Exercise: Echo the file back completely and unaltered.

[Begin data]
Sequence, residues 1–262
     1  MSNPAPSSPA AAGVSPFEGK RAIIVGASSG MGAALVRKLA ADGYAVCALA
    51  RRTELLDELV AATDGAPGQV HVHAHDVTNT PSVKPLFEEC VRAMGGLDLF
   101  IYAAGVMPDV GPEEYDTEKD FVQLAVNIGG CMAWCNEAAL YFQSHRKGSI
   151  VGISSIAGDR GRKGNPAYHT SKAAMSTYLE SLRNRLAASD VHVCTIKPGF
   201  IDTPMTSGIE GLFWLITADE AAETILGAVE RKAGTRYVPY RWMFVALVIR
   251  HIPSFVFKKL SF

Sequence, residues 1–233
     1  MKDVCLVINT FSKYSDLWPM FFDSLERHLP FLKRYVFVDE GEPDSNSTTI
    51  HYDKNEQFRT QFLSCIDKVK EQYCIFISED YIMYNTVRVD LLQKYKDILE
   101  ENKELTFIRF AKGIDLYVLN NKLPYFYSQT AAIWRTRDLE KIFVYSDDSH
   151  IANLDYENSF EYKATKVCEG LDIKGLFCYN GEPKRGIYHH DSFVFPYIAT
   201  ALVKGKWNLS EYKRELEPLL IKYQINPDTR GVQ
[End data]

Sequence, residues 1–262
     1  MSNPAPSSPA AAGVSPFEGK RAIIVGASSG MGAALVRKLA ADGYAVCALA
    51  RRTELLDELV AATDGAPGQV HVHAHDVTNT PSVKPLFEEC VRAMGGLDLF
   101  IYAAGVMPDV GPEEYDTEKD FVQLAVNIGG CMAWCNEAAL YFQSHRKGSI
   151  VGISSIAGDR GRKGNPAYHT SKAAMSTYLE SLRNRLAASD VHVCTIKPGF
   201  IDTPMTSGIE GLFWLITADE AAETILGAVE RKAGTRYVPY RWMFVALVIR
   251  HIPSFVFKKL SF

Sequence, residues 1–233
     1  MKDVCLVINT FSKYSDLWPM FFDSLERHLP FLKRYVFVDE GEPDSNSTTI
    51  HYDKNEQFRT QFLSCIDKVK EQYCIFISED YIMYNTVRVD LLQKYKDILE
   101  ENKELTFIRF AKGIDLYVLN NKLPYFYSQT AAIWRTRDLE KIFVYSDDSH
   151  IANLDYENSF EYKATKVCEG LDIKGLFCYN GEPKRGIYHH DSFVFPYIAT
   201  ALVKGKWNLS EYKRELEPLL IKYQINPDTR GVQ